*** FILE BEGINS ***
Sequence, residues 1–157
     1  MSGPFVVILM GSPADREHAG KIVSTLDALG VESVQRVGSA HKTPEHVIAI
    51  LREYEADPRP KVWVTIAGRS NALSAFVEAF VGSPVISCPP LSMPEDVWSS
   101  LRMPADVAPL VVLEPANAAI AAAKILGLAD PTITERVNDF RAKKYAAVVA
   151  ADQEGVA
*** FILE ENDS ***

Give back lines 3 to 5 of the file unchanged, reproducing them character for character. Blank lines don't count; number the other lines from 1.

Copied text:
    51  LREYEADPRP KVWVTIAGRS NALSAFVEAF VGSPVISCPP LSMPEDVWSS
   101  LRMPADVAPL VVLEPANAAI AAAKILGLAD PTITERVNDF RAKKYAAVVA
   151  ADQEGVA